It's Mariam

[attach]5593[/attach]After nearly two and a half years, the search for Mariam Makhniashvili has come to an end.

On March 9, the skeletal human remains found in a wooded area on the south side of the eastbound off-ramp of the 401 near Yonge Street in late February, were positively identified as those of the missing teen.

The announcement followed an exhaustive search that began on Sept. 14, 2009, the day Mariam disappeared. Staff Inspector Greg McLane of the Toronto Police’s homicide unit said that the search included more than 5,000 residents being canvassed, every student in her school being questioned, hundreds of Crime Stoppers tips analyzed, computers seized, ground and air searches, as well as help from police forces from around the world.

Though much ground was covered during the search, the location where Mariam’s remains were found was just outside of the search area.

But in the end, despite theories of Mariam having been kidnapped or even killed, McLane said her case is not being considered a homicide, nor is it being considered a suspicious death.

“Post mortem indicated that the cause of death was consistent with a fall from a significant height and that the deceased was more than likely alive at the time of the fall,“ he said, adding that she was identified through DNA testing. “The location where she was found would be consistent with a fall from that overpass.”

Stopping short of classifying Mariam’s case as a suicide, McLane said it certainly was a possibility.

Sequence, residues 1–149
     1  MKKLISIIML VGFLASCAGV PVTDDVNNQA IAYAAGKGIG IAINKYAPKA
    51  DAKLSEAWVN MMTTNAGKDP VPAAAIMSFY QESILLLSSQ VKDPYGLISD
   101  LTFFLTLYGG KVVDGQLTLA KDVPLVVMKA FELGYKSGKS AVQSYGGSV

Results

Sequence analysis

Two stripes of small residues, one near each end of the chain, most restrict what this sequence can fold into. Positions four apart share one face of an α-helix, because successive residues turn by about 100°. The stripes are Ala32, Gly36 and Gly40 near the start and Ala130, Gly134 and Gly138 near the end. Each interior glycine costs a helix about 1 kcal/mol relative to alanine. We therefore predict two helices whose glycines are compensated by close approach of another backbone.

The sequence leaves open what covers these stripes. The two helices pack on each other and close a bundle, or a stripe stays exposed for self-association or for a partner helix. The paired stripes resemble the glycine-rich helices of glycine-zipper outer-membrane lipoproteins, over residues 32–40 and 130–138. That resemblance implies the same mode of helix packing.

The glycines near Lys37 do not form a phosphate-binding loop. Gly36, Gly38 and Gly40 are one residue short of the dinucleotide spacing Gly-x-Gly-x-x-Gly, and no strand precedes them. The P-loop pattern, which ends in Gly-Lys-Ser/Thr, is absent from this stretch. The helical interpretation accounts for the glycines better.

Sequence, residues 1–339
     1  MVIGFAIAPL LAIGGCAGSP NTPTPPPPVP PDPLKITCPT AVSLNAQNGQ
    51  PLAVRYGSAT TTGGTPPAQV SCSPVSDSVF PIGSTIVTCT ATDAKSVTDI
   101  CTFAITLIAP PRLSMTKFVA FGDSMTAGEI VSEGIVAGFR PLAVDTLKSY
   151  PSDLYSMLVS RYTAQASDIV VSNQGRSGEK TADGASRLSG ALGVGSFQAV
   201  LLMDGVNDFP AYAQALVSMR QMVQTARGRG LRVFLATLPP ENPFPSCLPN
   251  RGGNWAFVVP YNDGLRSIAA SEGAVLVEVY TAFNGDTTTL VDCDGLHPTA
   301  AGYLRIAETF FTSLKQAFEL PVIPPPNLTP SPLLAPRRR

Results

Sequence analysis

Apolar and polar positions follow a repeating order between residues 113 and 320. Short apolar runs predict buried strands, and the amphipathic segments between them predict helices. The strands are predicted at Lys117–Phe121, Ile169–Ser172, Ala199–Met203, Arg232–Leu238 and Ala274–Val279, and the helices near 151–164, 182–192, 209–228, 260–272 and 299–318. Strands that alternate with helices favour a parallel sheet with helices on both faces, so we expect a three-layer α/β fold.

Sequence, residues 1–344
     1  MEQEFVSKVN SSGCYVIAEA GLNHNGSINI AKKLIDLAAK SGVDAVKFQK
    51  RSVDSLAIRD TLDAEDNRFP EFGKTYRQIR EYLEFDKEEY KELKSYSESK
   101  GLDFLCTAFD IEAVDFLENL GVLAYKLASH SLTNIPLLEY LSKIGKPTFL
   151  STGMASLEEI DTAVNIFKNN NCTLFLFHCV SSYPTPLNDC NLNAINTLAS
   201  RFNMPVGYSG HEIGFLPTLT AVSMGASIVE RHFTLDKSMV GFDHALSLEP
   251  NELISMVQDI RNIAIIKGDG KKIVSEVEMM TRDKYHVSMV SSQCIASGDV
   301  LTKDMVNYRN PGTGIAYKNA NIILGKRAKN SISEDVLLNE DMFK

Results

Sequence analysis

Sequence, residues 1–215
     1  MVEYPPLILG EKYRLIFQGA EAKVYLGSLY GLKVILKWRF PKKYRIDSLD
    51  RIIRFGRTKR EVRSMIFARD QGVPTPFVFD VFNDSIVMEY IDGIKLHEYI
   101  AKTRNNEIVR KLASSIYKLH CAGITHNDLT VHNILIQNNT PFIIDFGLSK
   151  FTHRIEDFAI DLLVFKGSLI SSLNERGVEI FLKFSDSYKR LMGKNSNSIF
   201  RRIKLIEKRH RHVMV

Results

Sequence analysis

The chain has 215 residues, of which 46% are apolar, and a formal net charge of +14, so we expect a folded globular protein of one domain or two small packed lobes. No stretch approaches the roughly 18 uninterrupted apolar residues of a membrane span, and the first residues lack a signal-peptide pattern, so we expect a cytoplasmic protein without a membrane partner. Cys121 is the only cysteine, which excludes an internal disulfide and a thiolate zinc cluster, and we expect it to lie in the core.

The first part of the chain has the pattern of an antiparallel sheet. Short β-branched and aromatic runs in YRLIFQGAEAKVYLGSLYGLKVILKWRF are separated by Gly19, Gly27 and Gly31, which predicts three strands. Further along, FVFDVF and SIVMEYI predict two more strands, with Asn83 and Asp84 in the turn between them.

[attach]5594[/attach]“I’m not suggesting that but what I will say is that the post mortem results could be consistent with that conclusion,” he said.

Lead investigator in the case, Det. Sgt. Dan Nealon, added to that, describing Mariam as an introvert and bookworm who kept to herself. He said in hindsight, it could be suggested that she may have been depressed, but during the investigation, there wasn’t any indication of it.

“The information we had from the beginning considering her character and her demeanour and the way she was feeling was not communicated to us that she was in any way depressed,” he said.

Nealon suggested it may never be known exactly what happened, leaving much speculation.

“Do I believe (her death) happened on the same day (she disappeared)? I have nothing to suggest (it occurred on) the day, the next day or after a couple of days,” he said. “(Her death) is consistent from the day she was last seen.”

Even in the case of Mariam’s knapsack, Nealon said police haven’t connected the dots of how it got there.

“There hasn’t been any reasonable way to explain it other than to speculate,” he said, suggesting it could have been a case of someone taking the bag from somewhere else and then leaving it where it was found.

Police said Mariam’s parents, Lela Tabidze and Vakhtang Makhniashvili have been notified by homicide investigators, and that Tabidze has requested privacy.

“She’s doing as expected,” McLane said. “Investigators went over and spoke with her this morning, explained the circumstances, and she responded as one would expect.”